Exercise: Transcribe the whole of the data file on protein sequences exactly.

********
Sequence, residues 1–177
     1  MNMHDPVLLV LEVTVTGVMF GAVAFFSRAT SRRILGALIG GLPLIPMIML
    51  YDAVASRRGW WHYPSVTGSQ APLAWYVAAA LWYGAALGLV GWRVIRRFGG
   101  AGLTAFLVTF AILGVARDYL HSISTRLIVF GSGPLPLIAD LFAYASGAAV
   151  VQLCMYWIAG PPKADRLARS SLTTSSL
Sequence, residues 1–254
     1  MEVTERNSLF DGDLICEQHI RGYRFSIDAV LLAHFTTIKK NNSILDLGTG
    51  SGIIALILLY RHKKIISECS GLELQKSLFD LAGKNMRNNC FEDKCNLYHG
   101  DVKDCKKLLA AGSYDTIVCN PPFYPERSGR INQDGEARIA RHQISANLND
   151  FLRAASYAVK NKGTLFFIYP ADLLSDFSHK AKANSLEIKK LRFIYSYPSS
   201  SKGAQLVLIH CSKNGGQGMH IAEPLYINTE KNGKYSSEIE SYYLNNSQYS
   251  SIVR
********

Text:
Sequence, residues 1–177
     1  MNMHDPVLLV LEVTVTGVMF GAVAFFSRAT SRRILGALIG GLPLIPMIML
    51  YDAVASRRGW WHYPSVTGSQ APLAWYVAAA LWYGAALGLV GWRVIRRFGG
   101  AGLTAFLVTF AILGVARDYL HSISTRLIVF GSGPLPLIAD LFAYASGAAV
   151  VQLCMYWIAG PPKADRLARS SLTTSSL
Sequence, residues 1–254
     1  MEVTERNSLF DGDLICEQHI RGYRFSIDAV LLAHFTTIKK NNSILDLGTG
    51  SGIIALILLY RHKKIISECS GLELQKSLFD LAGKNMRNNC FEDKCNLYHG
   101  DVKDCKKLLA AGSYDTIVCN PPFYPERSGR INQDGEARIA RHQISANLND
   151  FLRAASYAVK NKGTLFFIYP ADLLSDFSHK AKANSLEIKK LRFIYSYPSS
   201  SKGAQLVLIH CSKNGGQGMH IAEPLYINTE KNGKYSSEIE SYYLNNSQYS
   251  SIVR